Friday, December 11, 2009

The MoooooER

Imagine your phone ringing. You scurry around your house, rushing to locate the handset.

You finally find it.

"Hello," you say, winded, "how may I help you?"

There's a pause.

"Hello," you repeat, "is anyone there?"

Suddenly, without warning, you get your answer.


That above scenario, my friends, would be me calling you.

After my first year of residency, my wife had called me at work, quite excited, telling me she had found an amazing house for us to rent during my last two years of training.

Say what? I was surprised and didn't know we were "looking" to move from our very comfortable, two-bedroom condo just ten minutes from my hospital.

"Trust me," she reassured me, "you are going to love it."

And she was right. I did love it. Leave it to my wife to find such a great place.

The new house was about 35 minutes from the hospital, almost all country driving. It was built by Farmer Ed, an old-timer who we grew to love as family, smack in the middle of his cow and corn pastures. Farmer Ed had built this house for his planned retirement in a few years and wanted to rent it out until then. It sat comfortably on the top of a beautiful mountain range, alongside a curvy, country road where neighbors waved as you passed by. The views were endless and the sunsets spectacular. A small, friendly town sat just a few miles away.

It was not uncommon for us to wake at the break of dawn in our new house, cows milling around our bedroom window, talking to us in their language. Many a times I had dreams interrupted by Bessie's moo. Sometimes, even, it felt like Bessie and her gang were having some fun with us, staging their own version of The Sound of Music. Hey, Moo Trapp Family, go back to your hills in Austria and let me sleep!

Ashamed of myself, I must admit that I rolled over a time or two in my dreams to snuggle up to Bessie and her warm, engorged udder. "Moo," I whispered seductively in her ear. "Moo moo," she answered back, blinking her big eyes and batting her long lashes flirtatiously at me.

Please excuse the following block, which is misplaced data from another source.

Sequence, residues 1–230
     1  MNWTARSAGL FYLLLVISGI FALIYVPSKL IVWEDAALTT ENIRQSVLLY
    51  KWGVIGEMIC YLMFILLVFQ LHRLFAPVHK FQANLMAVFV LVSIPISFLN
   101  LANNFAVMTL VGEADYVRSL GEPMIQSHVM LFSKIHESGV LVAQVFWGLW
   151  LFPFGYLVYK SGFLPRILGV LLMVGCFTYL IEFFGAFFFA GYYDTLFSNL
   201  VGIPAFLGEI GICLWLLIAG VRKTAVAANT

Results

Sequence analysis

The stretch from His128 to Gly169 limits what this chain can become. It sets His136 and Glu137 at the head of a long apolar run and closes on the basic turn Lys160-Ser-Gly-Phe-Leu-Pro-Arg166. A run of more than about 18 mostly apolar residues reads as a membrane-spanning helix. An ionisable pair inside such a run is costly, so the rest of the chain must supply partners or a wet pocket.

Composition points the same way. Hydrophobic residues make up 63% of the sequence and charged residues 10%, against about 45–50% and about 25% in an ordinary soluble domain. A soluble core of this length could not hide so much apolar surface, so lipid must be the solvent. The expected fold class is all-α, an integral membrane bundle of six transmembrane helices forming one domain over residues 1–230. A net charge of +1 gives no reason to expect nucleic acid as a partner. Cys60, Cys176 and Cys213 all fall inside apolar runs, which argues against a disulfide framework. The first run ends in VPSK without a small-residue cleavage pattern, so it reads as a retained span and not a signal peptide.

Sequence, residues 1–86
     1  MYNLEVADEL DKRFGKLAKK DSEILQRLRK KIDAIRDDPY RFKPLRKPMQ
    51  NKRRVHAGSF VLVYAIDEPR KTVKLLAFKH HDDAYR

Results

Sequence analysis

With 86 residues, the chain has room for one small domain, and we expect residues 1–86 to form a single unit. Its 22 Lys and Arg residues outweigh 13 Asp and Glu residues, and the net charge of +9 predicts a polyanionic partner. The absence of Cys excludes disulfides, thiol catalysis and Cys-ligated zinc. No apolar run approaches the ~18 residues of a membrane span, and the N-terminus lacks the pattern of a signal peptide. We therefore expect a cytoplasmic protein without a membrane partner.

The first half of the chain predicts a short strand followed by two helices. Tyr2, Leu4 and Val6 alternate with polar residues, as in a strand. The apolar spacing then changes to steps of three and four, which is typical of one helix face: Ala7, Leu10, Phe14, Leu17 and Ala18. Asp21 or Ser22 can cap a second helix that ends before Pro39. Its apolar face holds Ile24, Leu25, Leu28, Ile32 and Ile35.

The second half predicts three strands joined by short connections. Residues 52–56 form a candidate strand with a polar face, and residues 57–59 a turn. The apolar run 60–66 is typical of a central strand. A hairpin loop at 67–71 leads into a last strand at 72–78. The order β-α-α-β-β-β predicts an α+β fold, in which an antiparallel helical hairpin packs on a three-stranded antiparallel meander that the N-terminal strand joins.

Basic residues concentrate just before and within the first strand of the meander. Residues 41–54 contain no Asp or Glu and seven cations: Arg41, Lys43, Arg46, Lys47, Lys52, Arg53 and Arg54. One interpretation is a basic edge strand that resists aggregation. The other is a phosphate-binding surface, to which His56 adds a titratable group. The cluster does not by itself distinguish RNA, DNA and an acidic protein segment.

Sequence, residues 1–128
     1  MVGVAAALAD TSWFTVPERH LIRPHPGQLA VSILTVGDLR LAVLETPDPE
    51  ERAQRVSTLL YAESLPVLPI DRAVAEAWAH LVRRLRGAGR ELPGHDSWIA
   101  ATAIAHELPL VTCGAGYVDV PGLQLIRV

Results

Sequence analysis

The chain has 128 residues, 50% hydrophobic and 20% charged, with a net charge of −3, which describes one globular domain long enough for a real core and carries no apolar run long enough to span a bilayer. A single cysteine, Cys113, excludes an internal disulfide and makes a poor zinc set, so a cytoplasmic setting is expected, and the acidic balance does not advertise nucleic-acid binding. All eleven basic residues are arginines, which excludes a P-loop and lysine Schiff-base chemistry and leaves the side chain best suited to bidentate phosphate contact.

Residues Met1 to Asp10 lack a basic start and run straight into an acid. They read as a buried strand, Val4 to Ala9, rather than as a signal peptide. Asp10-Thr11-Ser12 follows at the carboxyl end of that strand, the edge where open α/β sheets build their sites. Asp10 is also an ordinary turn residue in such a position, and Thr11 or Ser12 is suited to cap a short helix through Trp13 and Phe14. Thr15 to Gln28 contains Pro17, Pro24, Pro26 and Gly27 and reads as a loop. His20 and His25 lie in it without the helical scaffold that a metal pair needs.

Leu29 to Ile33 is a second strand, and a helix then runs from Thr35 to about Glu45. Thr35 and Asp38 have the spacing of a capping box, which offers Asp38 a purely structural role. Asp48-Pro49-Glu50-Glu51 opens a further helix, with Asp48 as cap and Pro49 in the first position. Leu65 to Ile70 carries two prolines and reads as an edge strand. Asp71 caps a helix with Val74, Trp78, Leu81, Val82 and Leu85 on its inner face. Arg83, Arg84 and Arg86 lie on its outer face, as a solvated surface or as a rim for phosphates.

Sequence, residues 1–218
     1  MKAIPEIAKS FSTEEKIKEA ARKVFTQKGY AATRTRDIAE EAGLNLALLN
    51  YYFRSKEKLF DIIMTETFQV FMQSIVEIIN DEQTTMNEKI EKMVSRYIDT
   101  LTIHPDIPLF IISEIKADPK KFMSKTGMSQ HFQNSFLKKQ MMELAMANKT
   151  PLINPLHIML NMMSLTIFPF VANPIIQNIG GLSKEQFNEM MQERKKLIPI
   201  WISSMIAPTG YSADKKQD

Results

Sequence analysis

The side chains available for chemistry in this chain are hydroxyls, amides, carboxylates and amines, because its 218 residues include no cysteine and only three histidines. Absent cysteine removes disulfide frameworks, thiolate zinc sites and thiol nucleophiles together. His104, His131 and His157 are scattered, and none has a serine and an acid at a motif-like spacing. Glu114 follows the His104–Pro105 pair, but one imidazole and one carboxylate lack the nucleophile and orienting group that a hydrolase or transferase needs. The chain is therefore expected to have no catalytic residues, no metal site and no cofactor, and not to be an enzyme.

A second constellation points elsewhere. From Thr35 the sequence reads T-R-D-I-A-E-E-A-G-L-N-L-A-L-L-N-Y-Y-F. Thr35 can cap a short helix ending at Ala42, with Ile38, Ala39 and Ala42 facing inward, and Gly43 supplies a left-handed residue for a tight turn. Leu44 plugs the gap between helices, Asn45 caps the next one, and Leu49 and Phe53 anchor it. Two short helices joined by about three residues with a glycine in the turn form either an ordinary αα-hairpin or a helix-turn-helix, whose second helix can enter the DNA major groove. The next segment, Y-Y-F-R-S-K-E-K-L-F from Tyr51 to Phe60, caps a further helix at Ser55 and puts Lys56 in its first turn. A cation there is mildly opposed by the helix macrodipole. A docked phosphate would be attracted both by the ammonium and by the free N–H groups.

Okay, I just made that up. Sorry.

Anyway, my wife loves to speed walk and sometimes, on days when I was home, I would go with her. I always struggled to stay alongside her, but the country scenery and surrounding beauty did much to distract me and make the walks more tolerable and even fun.

One day, as we passed a pasture of grazing cows, on a whim, I stopped and inhaled a deep breath. Plugging my nose, from the back of my throat I forced the air out, emitting a low, guttural "moo."

"Hey," my wife said, "that was pretty good."

And you know what? It was good. I knew because the cows had stopped their grazing to look up.

I took another deep breath and mooed again. And another. And yes, another.

The cows started mooing and began walking collectively toward us. I got a little nervous, the barbed-wire fence the only thing separating my wife and me from eighty misled cows. I didn't want a mutiny on our hands. My wife, however, found this all to be quite funny.

With a little practice, I soon had the "moo" down pat. It sounded good. Heck, I'm going to forget about being humble--it was excellent!

I started mooing all the time, I think to the point where family and friends began avoiding me. I mooed on the phone, I mooed at work, I mooed at home, I mooed at parties. That would have been me who, standing alone in the corner with my drink, mooing, you carefully avoided.